But, with the breaking off of diplomatic relations, matters remained
for a time at a standstill. Natalie dried her eyes and ordered some
new clothes, and saw rather more of Rodney Page than was good for her.

With the beginning of February the country house was far enough under
way for it to be promised for June, and Natalie, the fundamentals of
its decoration arranged for, began to haunt old-furniture shops,
accompanied always by Rodney.

"Not that your taste is not right, Natalie," he explained. "It is
exquisite. But these fellows are liars and cheats, some of them.
Besides, I like trailing along, if you don't mind."

Trailing along was a fairly accurate phrase. There was scarcely a
day now when Natalie's shining car, with its two men in livery, did
not draw up before Rodney's office building, or stand, as
unostentatiously as a fire engine, not too near the entrance of his
club. Clayton, going in, had seen it there once or twice, and had
smiled rather grimly. He considered its presence there in
questionable taste, but he felt no uneasiness. Determined as he
was to give Natalie such happiness as was still in him to give, he
never mentioned these instances.

But a day came, early in February, which was to mark a change in
the relationship between Natalie and Rodney.

It started simply enough. They had lunched together at a down-town
hotel, and then went to look at rugs. Rodney had found her rather
obdurate as to old rugs. They were still arguing the matter in the

"I just don't like to think of all sorts of dirty Turks and Arabs
having used them," she protested. "Slept on them, walked on them,
spilled things on the - ? ugh!"

"But the colors, Natalie dear! The old faded 'copper-tones, the
dull-blues, the dead-rose! There is a beauty about age, you know.
Lovely as you are, you'll be even lovelier as an old woman."

"I'm getting there rather rapidly."

He turned and looked at her critically. No slightest aid that she
had given her beauty missed his eyes, the delicate artificial
lights in her hair, her eyebrows drawn to a hair's breadth and
carefully arched, the touch of rouge under her eyes and on the
lobes of her ears. But she was beautiful, no matter what art had
augmented her real prettiness. She was a charming, finished product,
from her veil and hat to her narrowly shod feet. He liked finished
things, well done. He liked the glaze on a porcelain; he liked the
perfect lacquering on the Chinese screen he had persuaded Natalie
to buy; he preferred wood carved into the fine lines of Sheraton
to the trees that grow in the Park, for instance, through which
they were driving.

A Sheraton sideboard was art. Even certain forms of Colonial
mahogany were art, although he was not fond of them. And Natalie
was - art. Even if she represented the creative instincts of her
dressmaker and her milliner, and not her own - he did not like a
Louis XV sofa the less that it had not carved itself.

Possibly Natalie appealed then to his collective instinct, he had
not analyzed it. He only knew that he liked being with her, and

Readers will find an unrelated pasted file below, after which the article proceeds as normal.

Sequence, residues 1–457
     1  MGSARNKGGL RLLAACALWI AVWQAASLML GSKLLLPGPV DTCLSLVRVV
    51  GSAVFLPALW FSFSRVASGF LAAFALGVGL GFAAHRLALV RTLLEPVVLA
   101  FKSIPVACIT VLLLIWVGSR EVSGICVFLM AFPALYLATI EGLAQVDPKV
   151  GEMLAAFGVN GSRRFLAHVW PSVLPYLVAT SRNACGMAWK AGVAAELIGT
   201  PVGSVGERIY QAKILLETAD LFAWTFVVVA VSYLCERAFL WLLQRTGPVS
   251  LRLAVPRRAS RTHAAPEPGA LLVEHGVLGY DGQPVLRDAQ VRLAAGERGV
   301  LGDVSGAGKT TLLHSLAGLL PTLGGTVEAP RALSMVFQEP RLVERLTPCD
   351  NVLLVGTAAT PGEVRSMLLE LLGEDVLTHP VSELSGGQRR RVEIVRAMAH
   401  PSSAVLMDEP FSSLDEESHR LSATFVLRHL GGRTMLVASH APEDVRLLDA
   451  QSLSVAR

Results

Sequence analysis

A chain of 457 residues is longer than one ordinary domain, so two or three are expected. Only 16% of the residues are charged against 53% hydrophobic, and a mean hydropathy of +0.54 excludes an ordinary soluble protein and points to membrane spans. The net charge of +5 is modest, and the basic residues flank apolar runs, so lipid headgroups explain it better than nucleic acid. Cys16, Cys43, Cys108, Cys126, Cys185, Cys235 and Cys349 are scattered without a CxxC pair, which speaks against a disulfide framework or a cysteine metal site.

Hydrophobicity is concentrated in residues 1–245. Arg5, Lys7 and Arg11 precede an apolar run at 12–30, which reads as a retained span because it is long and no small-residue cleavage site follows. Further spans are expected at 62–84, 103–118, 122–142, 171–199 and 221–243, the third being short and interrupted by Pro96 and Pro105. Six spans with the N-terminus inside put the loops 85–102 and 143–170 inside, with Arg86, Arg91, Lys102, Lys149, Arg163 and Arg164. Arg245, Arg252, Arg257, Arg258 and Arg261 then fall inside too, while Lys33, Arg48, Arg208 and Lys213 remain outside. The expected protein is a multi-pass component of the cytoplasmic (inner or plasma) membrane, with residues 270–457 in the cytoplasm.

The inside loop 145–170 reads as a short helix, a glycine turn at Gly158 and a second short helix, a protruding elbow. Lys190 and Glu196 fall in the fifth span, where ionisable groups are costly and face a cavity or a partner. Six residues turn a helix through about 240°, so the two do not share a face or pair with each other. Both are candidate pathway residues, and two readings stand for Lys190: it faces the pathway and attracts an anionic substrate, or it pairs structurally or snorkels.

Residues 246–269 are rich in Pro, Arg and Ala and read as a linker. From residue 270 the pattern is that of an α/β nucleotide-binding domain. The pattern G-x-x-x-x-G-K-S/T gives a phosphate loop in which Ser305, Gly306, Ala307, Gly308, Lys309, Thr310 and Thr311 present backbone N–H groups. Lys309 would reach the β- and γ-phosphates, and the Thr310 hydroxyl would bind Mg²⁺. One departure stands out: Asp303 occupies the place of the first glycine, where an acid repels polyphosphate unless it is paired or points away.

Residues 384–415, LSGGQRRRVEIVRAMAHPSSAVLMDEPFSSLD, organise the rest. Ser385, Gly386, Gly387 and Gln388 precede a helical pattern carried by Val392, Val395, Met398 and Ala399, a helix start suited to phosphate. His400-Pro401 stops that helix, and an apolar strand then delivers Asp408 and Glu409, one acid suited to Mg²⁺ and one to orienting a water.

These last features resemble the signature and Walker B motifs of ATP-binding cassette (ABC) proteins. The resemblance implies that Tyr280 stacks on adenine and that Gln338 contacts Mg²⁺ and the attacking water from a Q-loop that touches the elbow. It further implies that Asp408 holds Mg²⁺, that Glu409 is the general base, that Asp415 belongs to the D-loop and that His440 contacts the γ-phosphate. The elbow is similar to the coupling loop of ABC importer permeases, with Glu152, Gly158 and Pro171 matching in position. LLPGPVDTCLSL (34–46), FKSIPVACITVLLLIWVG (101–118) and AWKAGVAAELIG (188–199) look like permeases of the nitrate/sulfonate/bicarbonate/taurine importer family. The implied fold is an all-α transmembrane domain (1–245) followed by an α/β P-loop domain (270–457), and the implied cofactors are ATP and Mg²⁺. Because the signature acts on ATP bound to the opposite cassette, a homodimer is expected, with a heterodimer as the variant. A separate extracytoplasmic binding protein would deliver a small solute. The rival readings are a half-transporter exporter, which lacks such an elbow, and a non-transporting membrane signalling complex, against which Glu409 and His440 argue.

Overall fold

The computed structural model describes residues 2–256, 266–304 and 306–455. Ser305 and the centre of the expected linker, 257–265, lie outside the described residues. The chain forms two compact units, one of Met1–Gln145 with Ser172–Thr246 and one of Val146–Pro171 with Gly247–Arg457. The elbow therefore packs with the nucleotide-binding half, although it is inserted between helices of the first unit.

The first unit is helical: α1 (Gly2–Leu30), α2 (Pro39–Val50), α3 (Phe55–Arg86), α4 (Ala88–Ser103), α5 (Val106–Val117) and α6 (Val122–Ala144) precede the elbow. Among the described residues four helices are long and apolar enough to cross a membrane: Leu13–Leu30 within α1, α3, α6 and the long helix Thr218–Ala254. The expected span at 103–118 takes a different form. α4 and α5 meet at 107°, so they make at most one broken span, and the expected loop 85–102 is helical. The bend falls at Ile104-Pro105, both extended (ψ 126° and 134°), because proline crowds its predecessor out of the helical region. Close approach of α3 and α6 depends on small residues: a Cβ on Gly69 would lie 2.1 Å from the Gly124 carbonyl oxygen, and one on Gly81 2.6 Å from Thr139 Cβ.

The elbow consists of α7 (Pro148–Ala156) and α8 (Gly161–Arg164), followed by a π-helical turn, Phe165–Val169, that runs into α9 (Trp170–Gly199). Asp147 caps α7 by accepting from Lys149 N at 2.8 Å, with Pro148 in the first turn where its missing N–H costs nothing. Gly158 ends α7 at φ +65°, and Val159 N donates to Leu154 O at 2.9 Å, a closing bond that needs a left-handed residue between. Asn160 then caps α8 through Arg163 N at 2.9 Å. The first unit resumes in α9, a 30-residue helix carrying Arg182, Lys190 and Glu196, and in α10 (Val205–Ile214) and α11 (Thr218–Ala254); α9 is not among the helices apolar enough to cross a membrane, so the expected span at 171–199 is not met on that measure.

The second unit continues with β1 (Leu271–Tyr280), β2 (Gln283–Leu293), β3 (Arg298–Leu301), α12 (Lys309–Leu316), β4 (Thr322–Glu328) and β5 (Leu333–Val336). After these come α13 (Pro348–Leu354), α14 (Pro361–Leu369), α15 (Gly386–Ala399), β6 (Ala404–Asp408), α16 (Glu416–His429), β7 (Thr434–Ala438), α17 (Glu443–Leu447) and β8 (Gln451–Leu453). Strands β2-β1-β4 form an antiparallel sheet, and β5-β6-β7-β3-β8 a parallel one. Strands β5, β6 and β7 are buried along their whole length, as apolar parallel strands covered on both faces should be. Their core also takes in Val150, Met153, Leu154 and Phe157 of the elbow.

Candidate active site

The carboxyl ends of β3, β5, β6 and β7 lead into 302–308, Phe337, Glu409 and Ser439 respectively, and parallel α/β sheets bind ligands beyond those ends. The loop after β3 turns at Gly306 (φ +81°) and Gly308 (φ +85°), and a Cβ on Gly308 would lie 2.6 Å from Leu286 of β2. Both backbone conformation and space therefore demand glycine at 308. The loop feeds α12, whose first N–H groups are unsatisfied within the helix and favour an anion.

he was not annoyed, certainly, by the fact that he knew their
constant proximity was arousing a certain amount of comment.


"You are very beautiful," he said with his appraising glance full
on her. "You are quite the loveliest woman I know."

"Still? With a grown son?"

"I am not a boy myself, you know."

"What has that to do with it?"

He hesitated, then laughed a little.

"I don't know," he said. "I didn't mean to say that, exactly. Of
course, that fact is that I'm rather glad you are not a debutante.
You would be giving me odds and ends of dances if you were, you
know, and shifting me as fast as possible. As it is - "

The coquetry which is a shallow woman's substitute for passion
stirred in her.

"Well? I'm awfully interested."

He turned and faced her.

"I wonder if you are!"

"Go on, Roddie. As it is??"

"As it is," he said, rather rapidly, "you give me a great deal of
happiness. I can't say all I would like to, but just being with
you - Natalie, I wonder if you know how much it means to me to see
you every day."

"I like it, or I wouldn't do it."

"But - I wonder if it means anything to you?"

Curiously enough, with the mere putting it into words, his feeling
for her seemed to grow. He was even somewhat excited. He bent
toward her, his eyes on her face, and caught one of her gloved hands.
He was no longer flirting with a pretty woman. He was in real
earnest. But Natalie was still flirting.

"Do you want to know why I like to be with you? Because of course
I do, or I shouldn't be."

"Does a famishing man want water?"

"Because you are sane and sensible. You believe, as I do, in going
on as normally as possible. All these people who go around glooming
because there is a war across the Atlantic! They are so tiresome.
Good heavens, the hysterical attitude of some women! And Clay!"

He released her hand.

"So you like me because I'm sensible! Thanks."

"That's a good reason, isn't it?"

"Good God, Natalie, I'm only sensible because I have to be. Not
about the war. I'm not talking about that. About you."

"What have I got to do with your being sensible and sane?"

"Just think about things, and you'll know."

She was greatly thrilled and quite untouched. It was a pleasant
little game, and she held all the winning cards. So she said,